BERNARD WHITE: I’m really glad that you went into acting.
BERNARD WHITE: I’m glad that you went into acting.
BERNARD WHITE: Because singing is not your thing.
“GRANDPA” AL LEWIS: No. But you don’t understand. You see, you don’t understand. I have been in musicals on Broadway, and they asked me, “Do you sing?” I said, “Yes, I sing poorly, but passionately.”
BERNARD WHITE: That you do.
AMY GOODMAN: What did you sing on Broadway?
“GRANDPA” AL LEWIS: Last thing I did on Broadway was Do Re Mi, a musical, Comden and Green, Jule Styne, Phil Silvers, Nancy Walker.
AMY GOODMAN: What did you sing?
“GRANDPA” AL LEWIS: 1960—let’s see. We opened Christmas week. David Merritt was the producer. Garson Kanin was the director.
AMY GOODMAN: But what did you sing?
“GRANDPA” AL LEWIS: What did I sing?
“GRANDPA” AL LEWIS: What did I sing? Oh I sang—I didn’t have a solo, obviously. It was white backlash, I think. Great—there was one great song in there that Julie wrote, may rest in peace. [singing] Make someone happy / Make just one someone happy / And you will be happy, too.
I sing better than you, Bernard. You know that?
BERNARD WHITE: Oh, come on now. We’re going to have to have a contest.
“GRANDPA” AL LEWIS: I agree. You know me.
BERNARD WHITE: You still say that, and you’ve heard me?
“GRANDPA” AL LEWIS: Yeah, you know why? Because you don’t sing with feeling. You know, funny thing. I was—years and years ago, what’s his name—first name, Wilson, the black band leader. He had a jazz show in L.A. on KGOL, I think it was, and he was interviewing the conductor, Zubin Mehta, you know, famous, world-famous conductor, and Zubin said a very interesting thing. They were talking about—they had played a record or something, a gospel song. And he said, “For me, it’s not judging whether the singers are great or spectacular or just okay, but when I hear them sing, I believe them.” Hear that? Now when I sing, they believe me!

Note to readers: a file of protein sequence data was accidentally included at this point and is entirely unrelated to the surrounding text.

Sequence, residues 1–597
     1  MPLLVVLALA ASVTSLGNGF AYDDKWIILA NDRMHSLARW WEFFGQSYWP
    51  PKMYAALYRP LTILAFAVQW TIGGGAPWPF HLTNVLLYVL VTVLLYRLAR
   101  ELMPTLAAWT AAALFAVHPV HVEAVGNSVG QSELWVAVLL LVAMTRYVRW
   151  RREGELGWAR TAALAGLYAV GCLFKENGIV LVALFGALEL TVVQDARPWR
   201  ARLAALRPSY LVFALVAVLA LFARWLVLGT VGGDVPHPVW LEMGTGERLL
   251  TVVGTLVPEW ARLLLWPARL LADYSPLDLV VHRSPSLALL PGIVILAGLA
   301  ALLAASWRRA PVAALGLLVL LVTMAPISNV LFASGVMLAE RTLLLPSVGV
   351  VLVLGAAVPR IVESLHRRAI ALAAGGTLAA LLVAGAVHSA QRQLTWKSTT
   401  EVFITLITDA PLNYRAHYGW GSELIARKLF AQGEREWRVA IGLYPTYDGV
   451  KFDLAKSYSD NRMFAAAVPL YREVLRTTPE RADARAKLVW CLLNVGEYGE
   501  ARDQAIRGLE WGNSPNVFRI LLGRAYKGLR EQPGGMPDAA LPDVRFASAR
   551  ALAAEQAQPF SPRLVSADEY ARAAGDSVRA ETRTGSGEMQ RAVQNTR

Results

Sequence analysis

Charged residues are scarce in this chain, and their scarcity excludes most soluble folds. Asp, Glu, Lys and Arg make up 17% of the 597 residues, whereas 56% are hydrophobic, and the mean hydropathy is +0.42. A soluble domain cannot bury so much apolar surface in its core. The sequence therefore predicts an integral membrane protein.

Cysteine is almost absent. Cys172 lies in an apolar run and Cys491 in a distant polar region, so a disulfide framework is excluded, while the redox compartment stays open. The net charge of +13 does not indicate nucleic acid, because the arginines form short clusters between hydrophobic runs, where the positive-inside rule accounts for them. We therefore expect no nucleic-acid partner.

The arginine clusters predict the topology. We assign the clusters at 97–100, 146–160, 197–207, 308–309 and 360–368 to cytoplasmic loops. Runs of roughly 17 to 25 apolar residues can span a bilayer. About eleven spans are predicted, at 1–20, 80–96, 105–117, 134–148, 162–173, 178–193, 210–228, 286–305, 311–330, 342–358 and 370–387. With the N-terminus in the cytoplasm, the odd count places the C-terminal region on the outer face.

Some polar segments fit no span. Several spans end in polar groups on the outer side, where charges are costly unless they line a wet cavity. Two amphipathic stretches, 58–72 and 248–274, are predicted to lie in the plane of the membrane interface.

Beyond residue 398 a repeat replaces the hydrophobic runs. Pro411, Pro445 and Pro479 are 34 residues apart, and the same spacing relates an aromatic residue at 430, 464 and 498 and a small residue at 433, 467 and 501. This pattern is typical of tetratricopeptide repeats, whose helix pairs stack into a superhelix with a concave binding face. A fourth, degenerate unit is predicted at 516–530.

AMY GOODMAN: We are talking to Al Lewis. In a few weeks, he’s going to be celebrating his birthday on April 30. He’s going to be 88, and what a life he’s led through this 20th century. When he finished up the Broadway run of Do Re Mi with Phil Silvers and Nancy Walker, he was summoned, along with Fred Gwynne, to test for The Munsters, and we’re going to talk about that with him when we come back. Stay with us.
AMY GOODMAN: And that was “Grandpa” Al Lewis, interviewed April 10, 1997. His age—well, there are different stories about his age. While he was alive, we thought he now was 95. But it turns out, according to his son, in fact, he died at the age of 82. He died on Friday at Roosevelt Island where he lived. Our condolences to the Lewis family.

No comments: